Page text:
The main 12-megapixel image sensor is the same Google fitted to the Pixel 4 and even the Pixel 3 from 2018. The company has improved its photography software since then, of course, but I would like to have seen new hardware this time too. As a result, instead of being a huge leap forward, as some previous generations of Pixel cameras have felt, it's a case of the latest Pixel being as good as ever, rather than much better.
What's new is how Night Sight mode now switches on by default when the main camera thinks you might need it, which is handy. Night Sight is still one of the best low-light modes out there, seemingly using witchcraft to turn darkness into light, while producing accurate photos with no blur.
The Pixel 5's 12-megapixel camera and fingerprint readerGearBrain
Taking photos at night is one of the great joys of owning a Pixel phone. I found myself endlessly taking photos out of my bedroom window at sunset, just to see how well the phone brightens up the scene without introducing any noise, and how it can perform miracles in almost total darkness.
Below I've included two photos, taken at the same time with the Pixel 5 and my three-year-old iPhone X. Yes, this is an unfair comparison, but if you haven't upgraded your phone for a few years (like me and my smashed-to-pieces X), this goes to show just how much the game has moved on, and how much of an upgrade the Pixel 5 will feel to many buyers, despite using two-year-old hardware.
Photos taken on the iPhone X (left) and Pixel 5 (right)GearBrain
Also new is how you can use Night Sight and Portrait Mode at the same time, thus creating portraits with neatly blurred backgrounds and artificial bokeh effect, while also taken in low light.
Sitting next to the main camera is a 16-megapixel sensor with a 107-degree ultra-wide lens. This works well, and is useful if you're trying to take a photo in a cramped space, or just want to shoot with a different look, but it's not groundbreaking.
What's more impressive is what Google has done to the Pixel's video-shooting capabilities. Resolution is up to 4K at 60 frames per second, but more interesting is the new video stabilization settings.
Standard mode helps to smooth out the natural shaking of your hands when grasping a phone, while Locked and Active do an amazing job at keeping footage stable, even when zoomed in and moving more. Locked is particularly good; tap a subject in frame and the focus will snap to it and the video will remain still, even if you move your hand a fair amount. Only a deliberate movement will cause the camera to break away from the subject; footage shot with Locked enabled almost looks like it was filmed using a tripod, it's that good.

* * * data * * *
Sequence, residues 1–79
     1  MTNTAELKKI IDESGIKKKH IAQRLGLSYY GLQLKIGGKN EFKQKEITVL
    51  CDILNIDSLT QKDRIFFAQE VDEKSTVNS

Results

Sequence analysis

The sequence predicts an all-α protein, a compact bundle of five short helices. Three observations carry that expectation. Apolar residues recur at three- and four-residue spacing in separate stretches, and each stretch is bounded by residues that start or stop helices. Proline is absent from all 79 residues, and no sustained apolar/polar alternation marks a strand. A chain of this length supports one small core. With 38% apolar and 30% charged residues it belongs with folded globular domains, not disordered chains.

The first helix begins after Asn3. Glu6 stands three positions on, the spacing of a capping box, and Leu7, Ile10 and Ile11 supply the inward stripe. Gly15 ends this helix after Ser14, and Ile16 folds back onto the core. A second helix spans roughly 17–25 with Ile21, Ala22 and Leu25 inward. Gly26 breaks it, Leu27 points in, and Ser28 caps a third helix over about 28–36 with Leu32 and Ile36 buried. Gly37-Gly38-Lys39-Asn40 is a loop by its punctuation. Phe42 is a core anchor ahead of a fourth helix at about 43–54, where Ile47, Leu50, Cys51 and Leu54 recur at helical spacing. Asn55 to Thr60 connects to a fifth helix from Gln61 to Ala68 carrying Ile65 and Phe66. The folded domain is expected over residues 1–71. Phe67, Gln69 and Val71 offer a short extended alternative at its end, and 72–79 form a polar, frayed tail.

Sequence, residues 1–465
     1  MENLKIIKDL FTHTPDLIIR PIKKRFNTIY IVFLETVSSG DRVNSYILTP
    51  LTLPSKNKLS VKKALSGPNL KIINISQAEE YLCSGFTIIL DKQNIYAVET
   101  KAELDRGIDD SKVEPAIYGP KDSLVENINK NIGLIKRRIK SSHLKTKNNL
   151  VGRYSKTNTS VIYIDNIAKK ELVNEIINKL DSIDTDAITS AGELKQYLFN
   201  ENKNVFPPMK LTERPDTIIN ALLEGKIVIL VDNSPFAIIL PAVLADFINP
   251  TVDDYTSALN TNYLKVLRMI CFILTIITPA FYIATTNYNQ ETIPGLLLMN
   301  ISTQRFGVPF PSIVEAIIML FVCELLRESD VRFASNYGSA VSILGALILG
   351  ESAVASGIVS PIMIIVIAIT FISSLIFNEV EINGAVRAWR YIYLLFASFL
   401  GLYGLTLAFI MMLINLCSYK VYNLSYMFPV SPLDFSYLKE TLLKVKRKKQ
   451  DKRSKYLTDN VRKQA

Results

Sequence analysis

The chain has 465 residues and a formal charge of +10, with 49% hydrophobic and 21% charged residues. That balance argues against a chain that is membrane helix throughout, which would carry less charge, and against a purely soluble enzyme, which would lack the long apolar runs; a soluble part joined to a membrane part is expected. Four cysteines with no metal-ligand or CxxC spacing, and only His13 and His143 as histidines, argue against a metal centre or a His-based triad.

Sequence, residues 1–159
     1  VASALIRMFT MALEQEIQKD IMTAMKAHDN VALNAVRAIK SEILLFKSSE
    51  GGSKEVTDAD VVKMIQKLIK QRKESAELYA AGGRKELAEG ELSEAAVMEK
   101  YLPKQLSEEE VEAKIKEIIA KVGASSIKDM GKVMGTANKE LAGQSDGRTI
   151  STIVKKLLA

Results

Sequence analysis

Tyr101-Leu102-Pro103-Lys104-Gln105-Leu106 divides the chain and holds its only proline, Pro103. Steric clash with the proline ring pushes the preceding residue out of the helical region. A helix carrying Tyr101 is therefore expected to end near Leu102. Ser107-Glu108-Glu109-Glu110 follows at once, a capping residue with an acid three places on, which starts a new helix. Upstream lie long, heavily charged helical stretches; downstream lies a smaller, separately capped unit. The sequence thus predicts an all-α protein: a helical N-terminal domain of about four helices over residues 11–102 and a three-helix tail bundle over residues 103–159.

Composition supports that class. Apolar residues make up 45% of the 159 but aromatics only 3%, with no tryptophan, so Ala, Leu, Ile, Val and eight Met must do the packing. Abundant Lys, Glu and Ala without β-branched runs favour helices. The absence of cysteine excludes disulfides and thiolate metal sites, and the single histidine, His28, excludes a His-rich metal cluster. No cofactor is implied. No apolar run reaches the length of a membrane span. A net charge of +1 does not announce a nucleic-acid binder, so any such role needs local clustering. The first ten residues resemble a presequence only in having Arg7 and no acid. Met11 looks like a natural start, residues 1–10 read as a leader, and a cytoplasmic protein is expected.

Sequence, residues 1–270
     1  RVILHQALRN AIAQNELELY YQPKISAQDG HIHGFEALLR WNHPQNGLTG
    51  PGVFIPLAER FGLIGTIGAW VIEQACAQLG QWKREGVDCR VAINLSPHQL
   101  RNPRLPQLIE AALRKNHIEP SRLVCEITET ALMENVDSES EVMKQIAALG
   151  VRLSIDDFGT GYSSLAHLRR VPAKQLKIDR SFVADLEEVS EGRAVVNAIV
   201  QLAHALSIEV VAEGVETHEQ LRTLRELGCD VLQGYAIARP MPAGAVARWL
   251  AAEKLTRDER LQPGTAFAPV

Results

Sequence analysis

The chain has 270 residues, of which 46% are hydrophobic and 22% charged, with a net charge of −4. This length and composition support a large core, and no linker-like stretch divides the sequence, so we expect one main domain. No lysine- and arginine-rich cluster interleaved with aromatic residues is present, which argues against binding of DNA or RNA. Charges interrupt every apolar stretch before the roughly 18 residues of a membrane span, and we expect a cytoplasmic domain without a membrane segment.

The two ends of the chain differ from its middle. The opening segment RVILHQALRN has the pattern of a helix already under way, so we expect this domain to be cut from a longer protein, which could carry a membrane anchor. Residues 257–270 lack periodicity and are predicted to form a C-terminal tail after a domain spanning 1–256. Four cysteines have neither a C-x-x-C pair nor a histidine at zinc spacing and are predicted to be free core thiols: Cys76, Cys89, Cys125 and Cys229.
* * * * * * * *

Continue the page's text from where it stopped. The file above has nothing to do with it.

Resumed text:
The Pixel 5 has a hole-punch style front cameraGearBrain
The hole-punch style front camera has an 8-megapixel sensor and an 83-degree field-of-view. It takes great selfies, especially with Portrait Mode enabled, and benefits from Night Sight too.
My only real criticism with the camera system of the Pixel 5 is the few seconds it takes to process photos. Some are ready to view in their full splendor almost immediately, but a photo taken in low light with Night Sight enabled takes a few seconds to process, leaving you momentarily with a loading icon and a partially-processed photo.
It's a small gripe, but evidence that Google isn't using a flagship processor for this year's Pixel – and a telltale sign that it has removed the Pixel 4's Pixel Neural Core, the processor that previously handled image processing.
Google Pixel 5 review: Performance, specification and software
Photo processing time aside, there isn't much else to complain about with the Pixel 5's performance. The interface would very occasionally pause when opening an application, as if the app was hesitant to fill the screen for a split-second. But this only happened a couple of times during a week of using the Pixel 5 as my personal phone.
Google has fitted the Pixel 5 with the Snapdragon 765G processor and 8GB of RAM. Make no mistake, this is still a quick phone and will feel like a big upgrade to anyone coming from any handset made a couple of years ago, bonafide flagships included. It just isn't quite as powerful as today's range-toppers from Samsung and others – but then it doesn't cost as much as they do either.
When the Pixel 5 shines more brightly (or rather, has the potential to shine more brightly) is with Google's decision to make just one version of Pixel 5 for the global market. This means it works with both the sub-6GHz and mmWave versions of 5G. The former is more common for now, but lacks the higher speeds of the latter, which in the US is what Verizon uses for its entire 5G network.